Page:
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    The Graduate

    Filmmaker Lena Dunham draws inspiration from a source close to home—her parents.

    Real-life mother and daughter Laurie Simmons and Lena Dunham play fictional ones in Dunham's film Tiny Furniture.

    Real-life mother and daughter Laurie Simmons and Lena Dunham play fictional ones in Dunham's film Tiny Furniture.

    JOE ANDERSON

    “I don’t think of myself as a visual person,” says Lena Dunham, daughter of photographer Laurie Simmons and painter Carroll Dunham.

    But she finds plenty of material in her parents’ profession. Dunham, 24, created Delusional Downtown Divas, a satirical Web series about breaking into the art world, starring herself, Isabel Halley (daughter of artist Peter Halley), and Joana Avillez (daughter of artist Gwenn Thomas). The series led to a gig performing at the First Annual Art Awards at the Guggenheim Museum, an event conceived by artist Rob Pruittthat mocked Academy Awards–style glitz.

    Now Dunham has made Tiny Furniture, which will have its New York festival premiere on June 11, at BAMcinemaFEST. Named after the objects Simmons uses in her domestic scenes, the film dramatizes Dunham’s return home after college. Her character has no idea what to do with her life. And her mother, played by her own mother, isn’t much help.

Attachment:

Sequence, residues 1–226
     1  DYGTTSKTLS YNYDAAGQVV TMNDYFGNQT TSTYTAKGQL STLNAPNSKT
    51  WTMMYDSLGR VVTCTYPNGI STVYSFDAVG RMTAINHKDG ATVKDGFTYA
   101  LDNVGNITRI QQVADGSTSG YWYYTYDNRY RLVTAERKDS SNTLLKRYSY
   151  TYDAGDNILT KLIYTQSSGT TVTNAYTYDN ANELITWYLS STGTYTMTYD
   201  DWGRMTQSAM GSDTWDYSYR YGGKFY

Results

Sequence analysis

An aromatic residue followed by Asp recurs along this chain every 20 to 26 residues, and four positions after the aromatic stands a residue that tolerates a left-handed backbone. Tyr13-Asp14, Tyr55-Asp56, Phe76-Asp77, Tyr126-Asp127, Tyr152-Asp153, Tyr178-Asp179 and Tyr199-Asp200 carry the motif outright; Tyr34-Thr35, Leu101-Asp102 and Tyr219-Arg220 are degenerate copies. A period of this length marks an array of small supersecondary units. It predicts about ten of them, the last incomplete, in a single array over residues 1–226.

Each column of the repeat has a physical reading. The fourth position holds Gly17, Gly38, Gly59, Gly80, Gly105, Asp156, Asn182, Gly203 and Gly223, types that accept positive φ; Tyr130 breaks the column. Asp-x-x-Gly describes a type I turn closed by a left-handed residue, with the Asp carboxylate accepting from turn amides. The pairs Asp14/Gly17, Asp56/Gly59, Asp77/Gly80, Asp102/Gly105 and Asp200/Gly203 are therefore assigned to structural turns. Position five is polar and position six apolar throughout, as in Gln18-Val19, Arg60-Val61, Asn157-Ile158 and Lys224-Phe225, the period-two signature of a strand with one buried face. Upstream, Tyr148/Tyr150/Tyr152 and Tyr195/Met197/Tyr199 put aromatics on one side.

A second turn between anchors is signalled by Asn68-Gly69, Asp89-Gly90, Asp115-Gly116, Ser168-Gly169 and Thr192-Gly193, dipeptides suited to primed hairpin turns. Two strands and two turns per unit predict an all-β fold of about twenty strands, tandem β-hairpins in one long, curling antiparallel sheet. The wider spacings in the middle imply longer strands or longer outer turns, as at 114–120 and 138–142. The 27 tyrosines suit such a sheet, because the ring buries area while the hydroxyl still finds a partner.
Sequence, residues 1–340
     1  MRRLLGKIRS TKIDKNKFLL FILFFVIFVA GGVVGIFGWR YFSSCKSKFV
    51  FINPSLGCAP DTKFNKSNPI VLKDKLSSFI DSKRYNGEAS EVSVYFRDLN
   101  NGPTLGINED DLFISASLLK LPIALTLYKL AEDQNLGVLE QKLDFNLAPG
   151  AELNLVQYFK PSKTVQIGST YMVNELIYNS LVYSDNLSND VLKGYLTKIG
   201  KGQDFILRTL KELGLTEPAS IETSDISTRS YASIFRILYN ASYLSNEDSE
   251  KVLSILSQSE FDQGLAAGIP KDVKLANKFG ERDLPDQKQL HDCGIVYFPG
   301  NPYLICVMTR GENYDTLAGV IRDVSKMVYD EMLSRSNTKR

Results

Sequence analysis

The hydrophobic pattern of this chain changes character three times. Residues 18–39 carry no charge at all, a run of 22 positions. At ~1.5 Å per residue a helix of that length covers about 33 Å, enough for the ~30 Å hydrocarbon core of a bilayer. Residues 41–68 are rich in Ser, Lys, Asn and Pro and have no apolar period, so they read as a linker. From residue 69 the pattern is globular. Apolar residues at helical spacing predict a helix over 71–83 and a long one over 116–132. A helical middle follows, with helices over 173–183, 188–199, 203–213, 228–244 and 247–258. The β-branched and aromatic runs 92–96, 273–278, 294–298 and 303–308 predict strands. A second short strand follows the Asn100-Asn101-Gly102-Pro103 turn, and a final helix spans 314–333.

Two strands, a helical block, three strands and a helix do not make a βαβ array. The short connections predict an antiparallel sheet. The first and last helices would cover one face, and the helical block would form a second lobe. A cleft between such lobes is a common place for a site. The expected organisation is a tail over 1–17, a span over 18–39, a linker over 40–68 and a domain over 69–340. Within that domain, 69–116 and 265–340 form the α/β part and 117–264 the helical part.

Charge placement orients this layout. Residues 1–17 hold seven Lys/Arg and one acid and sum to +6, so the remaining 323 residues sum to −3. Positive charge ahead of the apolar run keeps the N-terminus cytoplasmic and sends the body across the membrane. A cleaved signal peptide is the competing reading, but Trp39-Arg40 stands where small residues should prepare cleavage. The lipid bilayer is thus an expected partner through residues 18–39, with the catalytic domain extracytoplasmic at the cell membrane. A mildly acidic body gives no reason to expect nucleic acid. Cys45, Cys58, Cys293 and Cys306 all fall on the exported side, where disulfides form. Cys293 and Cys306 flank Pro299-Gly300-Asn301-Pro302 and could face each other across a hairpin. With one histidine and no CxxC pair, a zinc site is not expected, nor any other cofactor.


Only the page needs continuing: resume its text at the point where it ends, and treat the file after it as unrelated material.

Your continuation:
In reality, however, Dunham says, “my mom is my muse.” Sitting next to Simmons in the family’s Tribeca loft, where most of the movie was filmed, Dunham explains that her mom’s film The Music of Regret, featuring Meryl Streep, inspired her to be a filmmaker.

    Simmons laughs, recalling how her daughter felt about her spending so much time making that film.

    “You were competitive and jealous,” Simmons says.

    “I’m not competitive with people at least ten years older than me,” Dunham retorts.

    In fact, the film began their collaboration. Dunham was her mom’s script doctor. They went on to write a screenplay for a musical comedy about a lounge singer with Obsessive Compulsive Disorder. Then came Tiny Furniture, which Dunham wrote herself. “Laurie had a lot of input,” says Alicia van Couvering, a producer of the film. “But Lena always knew what she wanted.”

    In the tender final scene, the daughter lies down next to her mother in bed.

    “I don’t want to be a makeup artist or a massage therapist or a day hostess. I want to be as successful as you are,” the daughter says.

    “You will be as successful as I am,” the mother replies.

    Dunham is off to a strong start. In March, at the South by Southwest Festival in Austin, Texas, Tiny Furniturewon the jury award for a narrative feature, and Dunham won the Chicken & Egg Pictures Emergent Narrative Woman Director Award.

    Simmons beams with pride, but reminds Dunham that as long as she lives at home, she’s got to take out the garbage.

    “That’s my job,” Dunham replies.

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